The 2019 edition of the Geylang Ramadan Bazaar is here again, and if you’ve never been, it’s a huge temporary market with a massive footprint that winds around every available open space in Geyland Serai. Quite baller.
While the market is set up to cater for Raya preparations: essentials like new clothes, bottles of snacks, carpets (from $39 up) and maybe a new Lambretta scooter, most of the crowd comes for a once-a-year hit of hipster halal food. And this where is where our big caveat comes in: while the bazaar’s wider reputation in recent years has been built on colourful small dishes that are great for the ‘gram, one should always remember – order weird food, get weird food!
While we were not brave enough to eat anything rainbow-coloured, we did attempt this year’s must-eat thing… Praffles! Or prata-waffles by Fooditude… A head-scratching thing that’s essentially prata ironed through a waffle-maker.
Ours was served with fried chicken and Japanese curry; while impressive in size and attractively served in a paper cone, HK-egglet style, it did feel like a dish made from stuff from the freezer, thrown together with little soul.
If we’re on the subject of trend-baiting foods, the Mutton Keema sliders from Bombay Sliders and Ondeh Ondeh churros by Loco Loco were better, and the White Rabbit candy milk drink from Take A Bite succeeded as a drinkable version of the iconic sweet.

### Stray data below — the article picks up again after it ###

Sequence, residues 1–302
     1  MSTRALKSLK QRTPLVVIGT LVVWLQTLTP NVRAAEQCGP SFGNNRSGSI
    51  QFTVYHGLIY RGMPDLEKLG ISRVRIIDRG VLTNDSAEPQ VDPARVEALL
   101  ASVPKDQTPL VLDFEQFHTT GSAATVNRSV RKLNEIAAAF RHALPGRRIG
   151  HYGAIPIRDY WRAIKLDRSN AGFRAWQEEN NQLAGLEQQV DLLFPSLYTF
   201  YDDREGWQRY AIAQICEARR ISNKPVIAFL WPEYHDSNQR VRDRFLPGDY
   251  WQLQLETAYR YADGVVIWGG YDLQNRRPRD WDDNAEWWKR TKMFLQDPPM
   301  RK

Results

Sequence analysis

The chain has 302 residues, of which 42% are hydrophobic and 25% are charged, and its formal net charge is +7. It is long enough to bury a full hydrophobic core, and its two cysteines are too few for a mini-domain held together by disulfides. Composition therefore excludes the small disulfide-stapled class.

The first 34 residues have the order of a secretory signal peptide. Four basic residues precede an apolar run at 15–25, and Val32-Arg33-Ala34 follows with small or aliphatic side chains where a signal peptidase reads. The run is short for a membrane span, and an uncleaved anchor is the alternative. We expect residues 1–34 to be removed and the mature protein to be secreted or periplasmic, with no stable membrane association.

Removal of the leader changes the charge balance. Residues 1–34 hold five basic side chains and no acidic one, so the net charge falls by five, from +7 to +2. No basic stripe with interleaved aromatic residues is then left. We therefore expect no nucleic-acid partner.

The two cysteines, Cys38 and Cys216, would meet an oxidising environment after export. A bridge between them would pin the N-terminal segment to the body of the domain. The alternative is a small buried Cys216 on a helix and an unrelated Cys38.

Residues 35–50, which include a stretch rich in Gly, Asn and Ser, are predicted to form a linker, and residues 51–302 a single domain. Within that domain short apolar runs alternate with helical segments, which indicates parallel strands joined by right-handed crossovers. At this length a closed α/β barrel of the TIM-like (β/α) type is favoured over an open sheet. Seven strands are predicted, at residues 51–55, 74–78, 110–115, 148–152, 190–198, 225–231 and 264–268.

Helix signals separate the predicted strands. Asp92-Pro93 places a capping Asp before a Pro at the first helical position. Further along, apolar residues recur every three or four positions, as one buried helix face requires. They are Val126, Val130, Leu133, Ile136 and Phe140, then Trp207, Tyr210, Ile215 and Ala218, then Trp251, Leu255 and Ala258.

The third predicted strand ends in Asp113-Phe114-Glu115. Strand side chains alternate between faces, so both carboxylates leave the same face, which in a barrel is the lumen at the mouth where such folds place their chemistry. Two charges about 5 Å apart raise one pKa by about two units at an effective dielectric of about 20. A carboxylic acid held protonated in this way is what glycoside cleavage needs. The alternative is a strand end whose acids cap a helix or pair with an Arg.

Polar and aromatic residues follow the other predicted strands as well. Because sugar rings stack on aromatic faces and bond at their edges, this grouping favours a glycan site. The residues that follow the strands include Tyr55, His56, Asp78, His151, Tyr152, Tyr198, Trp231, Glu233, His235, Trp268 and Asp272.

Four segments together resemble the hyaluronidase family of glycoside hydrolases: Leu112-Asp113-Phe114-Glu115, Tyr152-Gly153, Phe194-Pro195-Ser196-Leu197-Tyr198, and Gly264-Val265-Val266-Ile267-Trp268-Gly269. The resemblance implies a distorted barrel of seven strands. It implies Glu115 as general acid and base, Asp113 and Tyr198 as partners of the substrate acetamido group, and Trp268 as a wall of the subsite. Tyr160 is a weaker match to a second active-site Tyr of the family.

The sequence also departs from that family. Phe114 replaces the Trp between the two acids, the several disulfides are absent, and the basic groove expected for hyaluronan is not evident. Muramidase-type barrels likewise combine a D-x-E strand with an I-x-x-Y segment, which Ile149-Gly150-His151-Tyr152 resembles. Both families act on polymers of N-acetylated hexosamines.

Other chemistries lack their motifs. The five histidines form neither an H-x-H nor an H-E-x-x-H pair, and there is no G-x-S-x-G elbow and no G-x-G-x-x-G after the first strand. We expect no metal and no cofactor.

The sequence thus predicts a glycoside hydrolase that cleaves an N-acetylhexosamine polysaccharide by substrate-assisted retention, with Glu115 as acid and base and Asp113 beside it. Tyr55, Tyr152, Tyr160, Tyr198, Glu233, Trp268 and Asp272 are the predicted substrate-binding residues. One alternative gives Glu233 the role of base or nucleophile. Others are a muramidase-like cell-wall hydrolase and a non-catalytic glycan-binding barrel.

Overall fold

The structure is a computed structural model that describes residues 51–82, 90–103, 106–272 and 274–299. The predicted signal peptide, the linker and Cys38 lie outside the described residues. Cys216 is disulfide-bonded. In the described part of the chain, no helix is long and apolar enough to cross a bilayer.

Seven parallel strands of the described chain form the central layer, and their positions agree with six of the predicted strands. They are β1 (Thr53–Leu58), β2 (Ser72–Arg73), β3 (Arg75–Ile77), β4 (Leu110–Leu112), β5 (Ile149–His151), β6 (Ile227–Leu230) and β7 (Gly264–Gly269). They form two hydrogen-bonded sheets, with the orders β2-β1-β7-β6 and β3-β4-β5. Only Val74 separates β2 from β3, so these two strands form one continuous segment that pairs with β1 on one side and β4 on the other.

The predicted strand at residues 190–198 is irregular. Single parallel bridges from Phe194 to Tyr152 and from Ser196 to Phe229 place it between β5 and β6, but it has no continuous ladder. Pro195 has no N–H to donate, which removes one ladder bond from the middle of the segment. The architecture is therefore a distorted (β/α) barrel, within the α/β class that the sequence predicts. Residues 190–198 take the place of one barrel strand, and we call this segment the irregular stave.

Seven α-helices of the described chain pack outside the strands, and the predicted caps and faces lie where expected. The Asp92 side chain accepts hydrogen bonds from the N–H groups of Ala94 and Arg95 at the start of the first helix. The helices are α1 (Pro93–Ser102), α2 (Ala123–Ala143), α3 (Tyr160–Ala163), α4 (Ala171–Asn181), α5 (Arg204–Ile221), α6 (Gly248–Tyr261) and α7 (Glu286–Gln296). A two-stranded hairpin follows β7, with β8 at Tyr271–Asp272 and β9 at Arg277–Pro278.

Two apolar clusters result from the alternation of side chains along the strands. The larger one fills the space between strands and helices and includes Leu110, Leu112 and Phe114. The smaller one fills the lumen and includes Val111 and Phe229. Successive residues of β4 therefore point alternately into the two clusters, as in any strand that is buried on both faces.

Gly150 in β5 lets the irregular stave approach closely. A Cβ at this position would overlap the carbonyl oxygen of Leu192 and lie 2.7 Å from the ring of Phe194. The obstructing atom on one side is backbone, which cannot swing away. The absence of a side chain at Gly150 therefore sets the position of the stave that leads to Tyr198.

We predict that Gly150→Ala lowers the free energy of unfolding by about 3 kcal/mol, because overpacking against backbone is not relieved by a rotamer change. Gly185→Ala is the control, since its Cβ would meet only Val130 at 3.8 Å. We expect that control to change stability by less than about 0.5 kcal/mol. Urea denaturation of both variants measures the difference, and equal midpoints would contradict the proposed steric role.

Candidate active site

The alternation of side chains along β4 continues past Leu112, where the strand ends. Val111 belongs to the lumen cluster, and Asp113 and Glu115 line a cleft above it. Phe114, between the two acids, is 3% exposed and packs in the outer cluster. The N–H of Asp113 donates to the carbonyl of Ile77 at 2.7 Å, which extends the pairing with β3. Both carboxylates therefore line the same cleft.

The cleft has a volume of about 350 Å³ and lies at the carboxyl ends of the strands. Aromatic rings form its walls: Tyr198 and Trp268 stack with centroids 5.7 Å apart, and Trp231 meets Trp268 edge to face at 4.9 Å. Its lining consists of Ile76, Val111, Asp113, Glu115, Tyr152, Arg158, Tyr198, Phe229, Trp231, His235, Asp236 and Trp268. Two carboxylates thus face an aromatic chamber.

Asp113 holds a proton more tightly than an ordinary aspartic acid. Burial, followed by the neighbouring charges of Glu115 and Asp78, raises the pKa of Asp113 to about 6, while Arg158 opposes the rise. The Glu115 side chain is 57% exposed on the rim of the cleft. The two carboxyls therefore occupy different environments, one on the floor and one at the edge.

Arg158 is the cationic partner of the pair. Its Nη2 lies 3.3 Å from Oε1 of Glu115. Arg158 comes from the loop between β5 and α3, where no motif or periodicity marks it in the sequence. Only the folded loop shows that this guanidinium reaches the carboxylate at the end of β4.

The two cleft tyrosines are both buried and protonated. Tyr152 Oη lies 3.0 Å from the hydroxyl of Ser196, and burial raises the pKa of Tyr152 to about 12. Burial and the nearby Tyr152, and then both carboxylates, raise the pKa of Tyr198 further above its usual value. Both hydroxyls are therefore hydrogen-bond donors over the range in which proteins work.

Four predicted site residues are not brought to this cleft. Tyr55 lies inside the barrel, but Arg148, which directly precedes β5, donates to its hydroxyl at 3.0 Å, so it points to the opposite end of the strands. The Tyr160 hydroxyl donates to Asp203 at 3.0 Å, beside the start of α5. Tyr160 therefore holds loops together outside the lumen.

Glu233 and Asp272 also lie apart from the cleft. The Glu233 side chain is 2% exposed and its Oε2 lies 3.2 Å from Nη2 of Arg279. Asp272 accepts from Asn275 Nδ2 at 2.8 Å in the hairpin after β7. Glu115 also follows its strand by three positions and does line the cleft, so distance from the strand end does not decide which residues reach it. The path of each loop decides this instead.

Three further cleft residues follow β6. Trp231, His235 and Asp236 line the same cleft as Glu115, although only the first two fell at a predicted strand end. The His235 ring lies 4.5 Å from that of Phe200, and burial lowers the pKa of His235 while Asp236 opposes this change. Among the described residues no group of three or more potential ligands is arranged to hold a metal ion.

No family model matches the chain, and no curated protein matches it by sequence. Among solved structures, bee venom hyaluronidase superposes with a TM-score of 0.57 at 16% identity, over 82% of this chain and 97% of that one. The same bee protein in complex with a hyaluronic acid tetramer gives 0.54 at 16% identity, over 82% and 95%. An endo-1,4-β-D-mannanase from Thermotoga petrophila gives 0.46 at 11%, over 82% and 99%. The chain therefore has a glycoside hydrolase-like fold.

But this bazaar is over-run with crazy food, and while highly Instagrammable, you can also start to understand why there has been a slight push back online against these gimmicky dishes, to call for more traditional snacks.
So worth checking it out? If you’ve never been, then yes, the makeshift nature and the sheer size of the market makes it feel like a quick trip out of Singapore. It’s also nice to see everyone chilled and milling about under the massive tents, which are bedecked with enough fairy lights to give the Orchard Christmas light up a run for its money. In short, it’s festive lah!
1) We are told that if you want to check it out, do it in the next two weeks before the crowds get more hectic.
2) Weekday evenings are best.
3) If you are there to eat, do so at the bigger tents around the fringes and not at the two central tents, as most vendors have multiple outlets and it gets unreasonably hot and stuffy in there.
JUNK verdict: Go if you can, but if not, there will always be next year!